This early actuality short from Edison shows American soldiers at their mealtime. This is one of the first “location” movies made at Edison – most of what came before this was shot in or near to the Black Maria studio on Edison property.
What I like about this movie is the very individual personalities of the soldiers that comes through. While some are carrying coffee or trays of food, many seem to be more interested in the camera than in their rations. One fellow is clearly “mugging” and trying to stay in frame as long as possible, and others will wave or make quick movements to get noticed as they pass through. Most of them seem like typical soldiers – good natured, very young and a bit full of themselves, but charming nonetheless. A couple of officers, distinguishable because they are wearing swords, pass through quickly at the beginning, but seem to pay little attention to the men or the camera, but some guys with non-commissioned rank (stripes on their uniforms) join in the fun. By the end of the movie, more people are watching the camera than not.
I wonder how many of the families of these servicemen saw and recognized their loved ones through this movie. This is the sort of homey way that Americans might like to think of “their boys” in uniform – not necessarily as effective fighting men or efficient parade-ground marchers, but as naïve and lovable, perhaps even somewhat undisciplined. This may have been part of the point of making the film, to demonstrate how the motion picture could bring people to life over a distance. For us today, it connects us with ordinary people of the past in a more intimate manner than reading about them or seeing a still image could. The title is also the title of a piece of music that is normally played by bugle to signal meal time in military camps.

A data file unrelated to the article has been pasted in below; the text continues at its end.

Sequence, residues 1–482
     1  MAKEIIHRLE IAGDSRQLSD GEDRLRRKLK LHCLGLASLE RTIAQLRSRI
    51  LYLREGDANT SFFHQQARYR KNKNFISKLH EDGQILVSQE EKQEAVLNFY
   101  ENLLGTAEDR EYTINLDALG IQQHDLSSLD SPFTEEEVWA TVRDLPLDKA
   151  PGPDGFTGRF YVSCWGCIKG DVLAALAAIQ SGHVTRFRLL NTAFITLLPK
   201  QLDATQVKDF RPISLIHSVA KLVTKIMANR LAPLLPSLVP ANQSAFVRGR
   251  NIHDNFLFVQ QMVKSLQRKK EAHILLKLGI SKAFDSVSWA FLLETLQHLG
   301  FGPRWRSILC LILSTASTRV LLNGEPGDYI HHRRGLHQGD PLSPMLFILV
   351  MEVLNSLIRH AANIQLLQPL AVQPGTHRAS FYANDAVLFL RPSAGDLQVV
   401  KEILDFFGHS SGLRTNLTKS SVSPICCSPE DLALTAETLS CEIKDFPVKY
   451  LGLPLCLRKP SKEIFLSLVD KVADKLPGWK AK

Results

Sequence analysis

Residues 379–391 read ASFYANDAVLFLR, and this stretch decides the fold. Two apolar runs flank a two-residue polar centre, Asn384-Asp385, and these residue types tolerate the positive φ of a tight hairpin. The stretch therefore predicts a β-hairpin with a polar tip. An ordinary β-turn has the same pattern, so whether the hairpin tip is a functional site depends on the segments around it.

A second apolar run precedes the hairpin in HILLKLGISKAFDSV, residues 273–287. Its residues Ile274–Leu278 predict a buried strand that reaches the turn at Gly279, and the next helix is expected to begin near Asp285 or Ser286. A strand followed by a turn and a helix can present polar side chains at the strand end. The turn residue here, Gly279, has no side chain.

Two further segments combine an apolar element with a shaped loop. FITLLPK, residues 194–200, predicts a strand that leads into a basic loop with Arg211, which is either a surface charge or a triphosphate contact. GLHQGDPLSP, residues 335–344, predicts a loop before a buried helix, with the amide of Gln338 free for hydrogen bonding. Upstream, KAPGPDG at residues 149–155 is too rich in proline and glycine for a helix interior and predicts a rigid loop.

Director: James H. White
Camera: William Heise
Starring: Unknown American soldiers
Run Time: 50 secs
You can watch it for free: here.